Privacy expert joins High Court
The members of Five Raymond Buildings are proud to announce that Michael Tugendhat QC has been appointed to the High Court Bench. He will be assigned to the Queen’s Bench Division and will sit as a judge of the Jury List. His first day as a Judge will be on 1 May 2003.
Mr Justice Tugendhat was educated at Gonville & Caius College Cambridge before being awarded the Henry Fellowship at Yale University Law School. He was called to the Bar of Inner Temple in 1969 before joining these Chambers. He was appointed a Queen’s Counsel in 1986, a Recorder of the Crown Court in 1994 and a Deputy High Court Judge in 1995. Since 2000 he has also sat as a Judge of the Courts of Appeal in Jersey and Guernsey.
With Iain Christie he was the founding author of The Law of Privacy and the Media (2002, Oxford University Press) and was recognised as the leading practitioner in this nascent area of the law. Most recently he acted for Michael Douglas, Catherine Zeta-Jones and OK! Magazine in their action against Hello! Magazine. Other of his leading cases at the bar included:
R v Shayler  2 WLR 754 – Official Secrets – disclosure without lawful authority
Branson v Bower  QB 737 – Fair comment – test of fairness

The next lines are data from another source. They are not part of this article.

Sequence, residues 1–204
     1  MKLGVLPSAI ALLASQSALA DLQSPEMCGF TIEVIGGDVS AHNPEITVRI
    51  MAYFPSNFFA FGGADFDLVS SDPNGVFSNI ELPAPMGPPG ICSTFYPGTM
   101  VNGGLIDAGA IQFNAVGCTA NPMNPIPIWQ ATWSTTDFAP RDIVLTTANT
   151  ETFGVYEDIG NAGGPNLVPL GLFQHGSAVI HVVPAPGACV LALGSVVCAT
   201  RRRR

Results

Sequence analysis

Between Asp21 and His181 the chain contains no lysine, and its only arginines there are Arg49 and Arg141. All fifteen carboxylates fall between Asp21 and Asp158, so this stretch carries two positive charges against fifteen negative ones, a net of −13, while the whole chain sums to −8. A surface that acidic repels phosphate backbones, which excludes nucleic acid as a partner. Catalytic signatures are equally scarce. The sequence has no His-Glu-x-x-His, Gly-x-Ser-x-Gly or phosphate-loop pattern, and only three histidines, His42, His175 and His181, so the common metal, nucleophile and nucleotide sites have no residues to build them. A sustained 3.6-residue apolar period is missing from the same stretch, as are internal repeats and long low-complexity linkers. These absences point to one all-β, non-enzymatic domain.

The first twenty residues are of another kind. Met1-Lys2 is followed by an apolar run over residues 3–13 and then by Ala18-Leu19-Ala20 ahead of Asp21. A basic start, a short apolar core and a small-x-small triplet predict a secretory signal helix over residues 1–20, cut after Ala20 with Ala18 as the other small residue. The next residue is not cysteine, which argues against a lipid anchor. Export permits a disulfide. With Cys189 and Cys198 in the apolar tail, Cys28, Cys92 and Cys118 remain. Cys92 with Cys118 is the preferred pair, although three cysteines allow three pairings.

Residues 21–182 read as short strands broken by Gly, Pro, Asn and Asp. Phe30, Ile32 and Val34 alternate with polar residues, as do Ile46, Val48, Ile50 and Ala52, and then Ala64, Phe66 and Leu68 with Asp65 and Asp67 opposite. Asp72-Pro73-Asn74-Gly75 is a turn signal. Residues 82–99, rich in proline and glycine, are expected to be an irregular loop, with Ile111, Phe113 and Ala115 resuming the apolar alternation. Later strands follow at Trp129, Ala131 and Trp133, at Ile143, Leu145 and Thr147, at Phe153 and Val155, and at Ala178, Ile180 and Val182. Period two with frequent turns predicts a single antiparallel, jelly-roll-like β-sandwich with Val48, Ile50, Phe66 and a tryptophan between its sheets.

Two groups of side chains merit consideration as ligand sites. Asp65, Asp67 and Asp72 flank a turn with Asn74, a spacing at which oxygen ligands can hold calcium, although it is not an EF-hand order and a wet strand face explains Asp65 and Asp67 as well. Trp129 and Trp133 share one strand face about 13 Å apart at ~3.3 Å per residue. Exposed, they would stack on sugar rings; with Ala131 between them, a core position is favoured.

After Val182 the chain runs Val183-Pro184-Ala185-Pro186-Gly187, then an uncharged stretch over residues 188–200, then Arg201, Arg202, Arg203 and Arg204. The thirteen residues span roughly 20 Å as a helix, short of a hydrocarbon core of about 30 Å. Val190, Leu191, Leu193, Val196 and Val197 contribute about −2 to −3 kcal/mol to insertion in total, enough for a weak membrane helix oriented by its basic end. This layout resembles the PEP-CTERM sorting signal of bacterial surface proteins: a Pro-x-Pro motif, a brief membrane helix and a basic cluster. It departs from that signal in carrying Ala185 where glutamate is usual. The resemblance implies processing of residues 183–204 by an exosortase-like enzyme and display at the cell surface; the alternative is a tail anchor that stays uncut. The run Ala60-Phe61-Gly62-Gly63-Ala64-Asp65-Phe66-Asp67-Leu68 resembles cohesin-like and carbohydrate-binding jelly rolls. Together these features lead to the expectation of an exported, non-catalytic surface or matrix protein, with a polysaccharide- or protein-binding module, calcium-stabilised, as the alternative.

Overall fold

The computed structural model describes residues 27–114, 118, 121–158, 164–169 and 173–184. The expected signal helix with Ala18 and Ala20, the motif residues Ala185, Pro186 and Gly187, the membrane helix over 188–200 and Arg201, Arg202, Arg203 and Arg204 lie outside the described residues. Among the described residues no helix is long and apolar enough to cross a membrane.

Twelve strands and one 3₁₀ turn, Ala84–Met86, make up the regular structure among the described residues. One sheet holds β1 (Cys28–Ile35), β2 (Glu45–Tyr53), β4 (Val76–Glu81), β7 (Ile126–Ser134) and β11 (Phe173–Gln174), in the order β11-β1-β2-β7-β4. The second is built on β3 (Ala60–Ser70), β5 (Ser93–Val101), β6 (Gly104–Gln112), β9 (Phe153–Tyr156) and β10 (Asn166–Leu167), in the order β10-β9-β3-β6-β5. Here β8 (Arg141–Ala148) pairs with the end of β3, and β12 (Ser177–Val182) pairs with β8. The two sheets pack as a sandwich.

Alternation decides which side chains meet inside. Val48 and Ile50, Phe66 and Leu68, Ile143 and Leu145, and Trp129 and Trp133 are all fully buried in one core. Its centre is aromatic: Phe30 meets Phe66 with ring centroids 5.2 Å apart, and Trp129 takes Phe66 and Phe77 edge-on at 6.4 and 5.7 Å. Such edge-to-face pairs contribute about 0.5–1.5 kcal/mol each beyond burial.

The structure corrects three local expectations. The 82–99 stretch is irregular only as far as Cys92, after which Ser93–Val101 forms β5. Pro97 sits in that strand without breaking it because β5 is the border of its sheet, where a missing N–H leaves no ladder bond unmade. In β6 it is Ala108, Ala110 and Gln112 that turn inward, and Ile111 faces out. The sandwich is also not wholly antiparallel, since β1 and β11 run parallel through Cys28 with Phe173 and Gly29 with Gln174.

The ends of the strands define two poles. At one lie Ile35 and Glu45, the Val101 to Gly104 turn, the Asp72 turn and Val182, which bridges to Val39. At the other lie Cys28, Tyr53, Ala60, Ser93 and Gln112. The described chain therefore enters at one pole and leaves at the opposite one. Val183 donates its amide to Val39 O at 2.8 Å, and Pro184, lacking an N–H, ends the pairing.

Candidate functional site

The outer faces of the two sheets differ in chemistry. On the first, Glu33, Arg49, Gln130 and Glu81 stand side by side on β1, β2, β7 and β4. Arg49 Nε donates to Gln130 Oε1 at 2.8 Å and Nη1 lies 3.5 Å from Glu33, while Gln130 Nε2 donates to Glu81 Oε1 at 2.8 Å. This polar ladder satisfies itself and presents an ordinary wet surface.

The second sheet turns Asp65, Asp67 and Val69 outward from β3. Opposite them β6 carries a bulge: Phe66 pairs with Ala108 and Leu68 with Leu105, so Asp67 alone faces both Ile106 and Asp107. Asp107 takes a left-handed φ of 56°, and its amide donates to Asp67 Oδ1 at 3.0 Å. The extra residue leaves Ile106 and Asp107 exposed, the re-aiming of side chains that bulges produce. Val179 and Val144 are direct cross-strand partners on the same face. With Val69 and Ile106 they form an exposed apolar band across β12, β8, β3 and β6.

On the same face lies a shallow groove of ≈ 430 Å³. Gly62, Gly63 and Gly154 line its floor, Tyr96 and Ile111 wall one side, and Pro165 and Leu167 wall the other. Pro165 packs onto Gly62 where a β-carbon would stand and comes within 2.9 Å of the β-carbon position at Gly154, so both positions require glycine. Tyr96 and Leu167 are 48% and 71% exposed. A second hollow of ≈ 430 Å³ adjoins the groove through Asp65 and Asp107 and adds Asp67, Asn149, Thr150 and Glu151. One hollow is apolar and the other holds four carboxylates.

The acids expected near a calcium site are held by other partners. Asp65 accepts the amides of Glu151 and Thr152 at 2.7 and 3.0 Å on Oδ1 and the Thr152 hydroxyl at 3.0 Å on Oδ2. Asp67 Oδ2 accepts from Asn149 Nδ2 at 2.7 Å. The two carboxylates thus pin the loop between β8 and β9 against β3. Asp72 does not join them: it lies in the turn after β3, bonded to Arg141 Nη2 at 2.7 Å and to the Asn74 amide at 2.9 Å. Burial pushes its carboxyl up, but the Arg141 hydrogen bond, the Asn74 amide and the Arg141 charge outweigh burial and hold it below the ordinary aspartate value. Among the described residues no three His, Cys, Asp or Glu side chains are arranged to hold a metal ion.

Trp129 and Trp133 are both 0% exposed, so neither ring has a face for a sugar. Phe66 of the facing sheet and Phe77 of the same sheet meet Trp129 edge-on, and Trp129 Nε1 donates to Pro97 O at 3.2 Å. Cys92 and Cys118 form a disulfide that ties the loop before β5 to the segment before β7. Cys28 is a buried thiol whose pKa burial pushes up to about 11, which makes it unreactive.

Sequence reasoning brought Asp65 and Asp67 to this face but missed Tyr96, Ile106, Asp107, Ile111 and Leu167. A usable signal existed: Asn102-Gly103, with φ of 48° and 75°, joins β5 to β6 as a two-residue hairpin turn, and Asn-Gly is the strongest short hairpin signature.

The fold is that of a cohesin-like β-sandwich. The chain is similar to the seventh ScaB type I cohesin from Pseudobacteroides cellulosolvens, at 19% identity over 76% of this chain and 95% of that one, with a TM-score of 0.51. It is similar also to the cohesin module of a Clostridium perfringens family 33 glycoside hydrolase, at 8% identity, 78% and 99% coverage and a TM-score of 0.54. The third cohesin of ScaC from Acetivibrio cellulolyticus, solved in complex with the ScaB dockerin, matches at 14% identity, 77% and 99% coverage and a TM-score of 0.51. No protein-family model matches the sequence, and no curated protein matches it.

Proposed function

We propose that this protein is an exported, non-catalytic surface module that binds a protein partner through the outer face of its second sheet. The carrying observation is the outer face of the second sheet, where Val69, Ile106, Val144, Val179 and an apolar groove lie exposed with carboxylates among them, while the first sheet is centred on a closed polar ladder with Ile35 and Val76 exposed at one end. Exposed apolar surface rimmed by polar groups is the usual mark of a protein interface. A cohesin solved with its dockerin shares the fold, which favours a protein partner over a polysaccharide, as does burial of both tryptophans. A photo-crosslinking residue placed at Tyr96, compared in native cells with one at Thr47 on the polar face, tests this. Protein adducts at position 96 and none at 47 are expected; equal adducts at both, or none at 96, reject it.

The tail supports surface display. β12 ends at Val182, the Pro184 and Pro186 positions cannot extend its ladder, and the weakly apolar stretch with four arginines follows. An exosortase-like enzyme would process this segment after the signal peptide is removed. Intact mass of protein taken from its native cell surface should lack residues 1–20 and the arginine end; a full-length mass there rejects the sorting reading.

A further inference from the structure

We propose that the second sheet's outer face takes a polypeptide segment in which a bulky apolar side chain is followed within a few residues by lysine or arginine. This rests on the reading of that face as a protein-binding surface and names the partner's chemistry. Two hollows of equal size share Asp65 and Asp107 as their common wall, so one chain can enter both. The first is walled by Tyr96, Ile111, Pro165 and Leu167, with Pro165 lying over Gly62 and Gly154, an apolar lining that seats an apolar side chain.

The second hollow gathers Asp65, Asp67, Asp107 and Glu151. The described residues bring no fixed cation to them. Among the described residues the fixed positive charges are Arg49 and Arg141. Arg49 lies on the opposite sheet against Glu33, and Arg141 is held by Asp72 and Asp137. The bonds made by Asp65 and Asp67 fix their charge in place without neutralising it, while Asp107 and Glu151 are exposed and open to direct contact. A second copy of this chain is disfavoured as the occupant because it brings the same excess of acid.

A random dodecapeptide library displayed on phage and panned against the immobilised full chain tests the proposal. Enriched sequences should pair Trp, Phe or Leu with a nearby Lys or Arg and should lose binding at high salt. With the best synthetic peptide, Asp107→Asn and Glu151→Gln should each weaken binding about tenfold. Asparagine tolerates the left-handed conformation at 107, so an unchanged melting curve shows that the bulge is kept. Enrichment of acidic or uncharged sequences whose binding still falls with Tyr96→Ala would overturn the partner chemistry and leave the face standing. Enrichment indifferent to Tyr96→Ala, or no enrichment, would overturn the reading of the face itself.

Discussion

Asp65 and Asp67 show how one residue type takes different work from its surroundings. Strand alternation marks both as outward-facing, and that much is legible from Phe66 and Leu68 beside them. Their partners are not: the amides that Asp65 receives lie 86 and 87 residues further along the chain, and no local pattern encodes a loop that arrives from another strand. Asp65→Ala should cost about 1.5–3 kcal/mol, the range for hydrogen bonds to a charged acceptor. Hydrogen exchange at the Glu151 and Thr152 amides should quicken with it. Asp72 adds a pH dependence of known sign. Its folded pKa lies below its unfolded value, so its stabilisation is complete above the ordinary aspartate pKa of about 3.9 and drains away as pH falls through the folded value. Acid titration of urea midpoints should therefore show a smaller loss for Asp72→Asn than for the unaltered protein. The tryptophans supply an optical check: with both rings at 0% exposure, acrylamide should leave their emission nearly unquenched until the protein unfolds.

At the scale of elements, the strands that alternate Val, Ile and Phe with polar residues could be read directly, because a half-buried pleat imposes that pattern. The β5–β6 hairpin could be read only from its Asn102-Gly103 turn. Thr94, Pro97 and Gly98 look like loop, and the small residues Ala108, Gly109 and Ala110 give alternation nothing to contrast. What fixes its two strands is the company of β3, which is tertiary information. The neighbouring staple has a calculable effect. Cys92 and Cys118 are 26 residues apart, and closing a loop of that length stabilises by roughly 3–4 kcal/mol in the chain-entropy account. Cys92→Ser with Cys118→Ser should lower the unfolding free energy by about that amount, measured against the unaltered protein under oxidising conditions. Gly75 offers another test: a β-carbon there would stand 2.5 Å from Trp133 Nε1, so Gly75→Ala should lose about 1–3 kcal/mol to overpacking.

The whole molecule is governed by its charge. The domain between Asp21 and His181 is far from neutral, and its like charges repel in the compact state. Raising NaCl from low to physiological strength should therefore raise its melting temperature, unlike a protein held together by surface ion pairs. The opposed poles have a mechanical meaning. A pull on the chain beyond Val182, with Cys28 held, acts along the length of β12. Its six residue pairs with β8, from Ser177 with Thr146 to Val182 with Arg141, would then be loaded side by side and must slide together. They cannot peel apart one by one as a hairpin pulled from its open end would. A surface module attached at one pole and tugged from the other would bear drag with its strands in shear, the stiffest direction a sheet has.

Interbrew SA v Financial Times Ltd & others  EMLR 446 – Identification of journalists’ sources
Theakston v MGN  EMLR 22 – Privacy
Douglas v Hello!  2 WLR 992 – Publication of surreptitiously taken wedding photos
A-G v Times Newspapers Limited  1 WLR 885 – Tomlinson MI6 Book
Kelly v BBC  1 All ER 323 – Wardship and news reports
R v Central Criminal Court ex p Bright  2 All ER 244 – Pace applications and the press
Mills v News Group Newspapers Ltd  EMLR 957 – Privacy
Milne v Telegraph Ltd  EMLR 760 – Defamation summary disposal
Shevill v Presse Alliance  2 WLR 499;  3 WLR 420 – European Court of Justice and House of Lords – international defamation and the Brussels Convention
Broome v Cassell & Co Ltd  1 AC 1027 – libel and exemplary damages
He was an inspiring colleague and friend. We shall miss him greatly, but congratulate him warmly.
Privacy law expert joins High Court – The Guardian